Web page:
We estimated the goodness of fit by calculating the reduced χ2 value between the model profile and the data: (8)where D is the number of degrees of freedom, O the observed value, E the modelled value and σ2 the variance of observation. The χ2-values are presented in Table 3. The comparison between the two models reveals no clear winner; both models have strong and weak properties. For the southern core, however, the use of a modified Bonnor-Ebert sphere leads to better results.

Table 3

Comparison of χ2-values of fitted models.

It should be noted, however, that models with only one core, be it a spheroid or modified Bonnor-Ebert sphere, did not produce acceptable match with the observed values. Also, if we dismiss the temperature gradient of the southern core and make it isothermal, the temperature estimated from the simulated ammonia spectra is severely different from the observation. This indicates that a temperature gradient is necessary in the physical model of the southern core. The northern core is almost isothermal, and its best-fit radial temperature profile has only 0.4 K difference between centre and surface.

Table 4

Physical parameters of the two cores in the southern part of Oph D.

5. Discussion

As was seen in the previous section, our distinctly different models both produce a reasonable match with the observation, but none of the two can be clearly pointed superior. The model with two hydrostatic cores, modified Bonnor-Ebert spheres, is, however, on more solid ground theoretically and we will commit ourselves to that model in the following discussion.

A Bonnor-Ebert sphere satisfies the following virial equilibrium equation (9)where Pext is the external pressure, and T and U the kinetic and gravitational potential energies. We neglect the effects of possible magnetic field, and calculate the kinetic energy (10)and gravitational potential energy (11)of the cores to examine their relations. From the relation (9) we can estimate the external pressure assuming that the cores are Bonnor-Ebert spheres. The centrally peaked density profile was taken into account individually for both cores in the numerical calculation of moment of inertia, I, in the equation of Erot. The function f(ξ0) takes the density profile into account in gravitational potential energy for an isothermal core. We will use it although our cores have a temperature gradient (the slight difference between the isothermal and non-isothermal BE spheres is illustrated in Appendix B of Sipilä et al. 2011). The value of f(ξ0) for a homogeneous density core is 0.6. The southern one of our core models is slightly supercritical ξ0 = 6.75 (f(ξ0) = 0.74) and the northern one has a markedly lower value ξ0 = 1.49 (f(ξ0) = 0.61). The energy ratios are presented in Table 4.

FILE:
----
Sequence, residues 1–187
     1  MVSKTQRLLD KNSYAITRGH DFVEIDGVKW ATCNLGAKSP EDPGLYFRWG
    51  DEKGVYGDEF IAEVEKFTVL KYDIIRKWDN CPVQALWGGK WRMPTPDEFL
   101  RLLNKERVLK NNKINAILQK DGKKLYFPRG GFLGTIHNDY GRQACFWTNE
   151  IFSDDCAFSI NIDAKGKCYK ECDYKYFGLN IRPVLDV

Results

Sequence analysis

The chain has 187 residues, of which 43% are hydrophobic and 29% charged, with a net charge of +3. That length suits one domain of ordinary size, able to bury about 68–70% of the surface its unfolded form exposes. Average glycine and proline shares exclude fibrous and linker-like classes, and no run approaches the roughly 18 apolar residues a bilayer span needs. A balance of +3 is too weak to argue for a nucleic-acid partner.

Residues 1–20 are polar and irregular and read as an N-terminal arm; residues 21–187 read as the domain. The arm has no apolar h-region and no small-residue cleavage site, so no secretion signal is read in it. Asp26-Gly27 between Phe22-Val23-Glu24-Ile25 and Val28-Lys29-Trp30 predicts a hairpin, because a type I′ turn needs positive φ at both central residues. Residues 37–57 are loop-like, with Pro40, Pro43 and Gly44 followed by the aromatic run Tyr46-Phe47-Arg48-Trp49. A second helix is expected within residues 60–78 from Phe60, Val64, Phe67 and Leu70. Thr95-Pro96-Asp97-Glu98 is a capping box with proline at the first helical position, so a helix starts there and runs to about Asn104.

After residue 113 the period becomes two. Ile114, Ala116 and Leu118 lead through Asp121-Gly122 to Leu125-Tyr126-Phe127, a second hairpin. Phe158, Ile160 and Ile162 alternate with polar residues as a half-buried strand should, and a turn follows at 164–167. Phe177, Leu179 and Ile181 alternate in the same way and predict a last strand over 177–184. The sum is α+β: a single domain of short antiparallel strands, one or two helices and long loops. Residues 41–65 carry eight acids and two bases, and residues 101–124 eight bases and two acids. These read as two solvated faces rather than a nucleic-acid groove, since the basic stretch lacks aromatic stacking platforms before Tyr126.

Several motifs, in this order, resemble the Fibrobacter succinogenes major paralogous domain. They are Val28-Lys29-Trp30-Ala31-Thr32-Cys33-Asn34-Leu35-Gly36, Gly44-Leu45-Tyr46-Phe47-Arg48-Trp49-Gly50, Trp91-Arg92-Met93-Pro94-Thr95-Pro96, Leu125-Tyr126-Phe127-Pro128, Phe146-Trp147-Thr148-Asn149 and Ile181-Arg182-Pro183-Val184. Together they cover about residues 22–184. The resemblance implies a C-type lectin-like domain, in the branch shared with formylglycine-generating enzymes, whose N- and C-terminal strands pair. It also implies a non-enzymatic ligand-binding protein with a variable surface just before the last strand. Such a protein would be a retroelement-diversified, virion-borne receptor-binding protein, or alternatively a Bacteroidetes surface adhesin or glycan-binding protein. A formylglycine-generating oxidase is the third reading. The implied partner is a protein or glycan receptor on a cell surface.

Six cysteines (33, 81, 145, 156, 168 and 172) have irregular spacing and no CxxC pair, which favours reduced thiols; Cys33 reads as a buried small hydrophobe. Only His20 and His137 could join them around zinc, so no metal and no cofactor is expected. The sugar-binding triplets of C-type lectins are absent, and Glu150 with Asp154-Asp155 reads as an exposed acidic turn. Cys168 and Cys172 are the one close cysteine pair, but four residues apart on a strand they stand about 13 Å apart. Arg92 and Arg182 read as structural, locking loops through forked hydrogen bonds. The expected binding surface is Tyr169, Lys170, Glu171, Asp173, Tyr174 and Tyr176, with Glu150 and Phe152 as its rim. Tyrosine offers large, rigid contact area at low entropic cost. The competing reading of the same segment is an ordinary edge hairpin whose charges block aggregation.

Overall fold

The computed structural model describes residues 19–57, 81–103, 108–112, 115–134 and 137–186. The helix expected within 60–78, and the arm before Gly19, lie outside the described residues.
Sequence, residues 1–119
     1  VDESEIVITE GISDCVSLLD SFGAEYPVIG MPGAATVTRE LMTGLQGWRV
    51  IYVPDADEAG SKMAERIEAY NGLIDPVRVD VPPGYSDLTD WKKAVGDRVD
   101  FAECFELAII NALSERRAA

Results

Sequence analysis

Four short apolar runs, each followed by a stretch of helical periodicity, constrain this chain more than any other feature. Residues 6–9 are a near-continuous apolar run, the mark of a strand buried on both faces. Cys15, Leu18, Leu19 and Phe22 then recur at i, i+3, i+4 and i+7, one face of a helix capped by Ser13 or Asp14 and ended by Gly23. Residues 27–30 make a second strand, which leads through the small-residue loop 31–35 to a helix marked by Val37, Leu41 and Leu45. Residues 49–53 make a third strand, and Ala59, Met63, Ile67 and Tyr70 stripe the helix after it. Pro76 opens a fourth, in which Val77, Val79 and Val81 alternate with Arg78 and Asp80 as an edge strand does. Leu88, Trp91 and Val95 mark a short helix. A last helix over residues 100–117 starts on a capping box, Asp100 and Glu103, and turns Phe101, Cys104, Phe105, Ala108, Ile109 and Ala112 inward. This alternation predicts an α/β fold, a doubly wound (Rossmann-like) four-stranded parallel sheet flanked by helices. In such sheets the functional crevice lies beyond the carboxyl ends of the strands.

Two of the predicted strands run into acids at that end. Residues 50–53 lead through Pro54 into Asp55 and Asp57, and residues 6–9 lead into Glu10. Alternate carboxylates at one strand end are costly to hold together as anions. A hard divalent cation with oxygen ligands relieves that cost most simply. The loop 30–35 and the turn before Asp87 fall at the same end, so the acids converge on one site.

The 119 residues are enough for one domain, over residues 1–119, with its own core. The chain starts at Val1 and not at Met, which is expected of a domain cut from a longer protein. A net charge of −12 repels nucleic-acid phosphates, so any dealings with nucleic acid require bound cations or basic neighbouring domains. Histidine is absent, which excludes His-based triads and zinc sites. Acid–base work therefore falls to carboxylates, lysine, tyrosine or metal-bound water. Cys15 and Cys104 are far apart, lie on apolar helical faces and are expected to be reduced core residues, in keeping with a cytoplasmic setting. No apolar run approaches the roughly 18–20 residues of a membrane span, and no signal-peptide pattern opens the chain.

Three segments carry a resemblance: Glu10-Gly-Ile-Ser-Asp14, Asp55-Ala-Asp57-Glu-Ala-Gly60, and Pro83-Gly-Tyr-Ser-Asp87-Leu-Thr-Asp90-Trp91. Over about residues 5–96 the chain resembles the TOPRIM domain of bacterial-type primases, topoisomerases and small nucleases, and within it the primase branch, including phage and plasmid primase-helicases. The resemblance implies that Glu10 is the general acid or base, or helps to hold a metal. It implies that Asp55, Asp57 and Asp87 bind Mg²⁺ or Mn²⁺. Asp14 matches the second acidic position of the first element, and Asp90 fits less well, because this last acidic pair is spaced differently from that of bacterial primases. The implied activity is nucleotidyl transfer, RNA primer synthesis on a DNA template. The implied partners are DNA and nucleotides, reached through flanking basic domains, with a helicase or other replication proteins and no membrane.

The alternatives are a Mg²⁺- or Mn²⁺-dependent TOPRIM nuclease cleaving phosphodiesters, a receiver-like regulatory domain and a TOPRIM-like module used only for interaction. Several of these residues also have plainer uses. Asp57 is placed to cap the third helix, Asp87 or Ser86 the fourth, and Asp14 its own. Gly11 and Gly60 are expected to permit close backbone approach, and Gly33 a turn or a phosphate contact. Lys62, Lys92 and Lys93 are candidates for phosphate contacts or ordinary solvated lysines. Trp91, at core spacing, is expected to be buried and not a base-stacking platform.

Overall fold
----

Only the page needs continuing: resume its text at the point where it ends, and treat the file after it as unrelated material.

The ratio of thermal energy to gravitational energy of the northern core is 3.89. This would suggest, that the external pressure inhibits the core from dispersing. On the other hand, when the core mass is estimated using data partly from the observation and partly from the model the energy ratio is  ~ 0.5. The core mass in this case is estimated using the column densities within the area of projected ellipse in the interferometric map. When the average fractional abundance is estimated from the model Bonnor-Ebert sphere (X(NH3) = 1.8  ×  10-8 for the northern and X(NH3) = 5  ×  10-9 for the southern core), the total mass of the core can be calculated. The difference between this mass and the model mass for the northern core suggests that the spheroidal ellipsoid into which an initially rotating BE sphere evolves to, might be a more suitable core model. However, the mass of the spheroid model was also very low, only 0.11 M.

The modified BE sphere mass of the southern core is almost equal to the mass derived from the observations as described above. The southern core seems to be gravitationally bound, which can be seen from the ratio of kinetic and gravitational energy in Table 4. The mass of the core is very close to the estimation given by Motte et al. (1998), 0.15 M. Also the peak flux density of Motte’s 1.3 mm continuum data was equal for both cores. Due to their vicinity the external pressure for both cores should be roughly the same. The values are close when the northern core mass is the one derived from the observation. Using the model mass the difference is significant (see Table 4). These facts further support the conclusion, that the northern core model is not correct, despite the fact that the match with the observed quantities is satisfactory.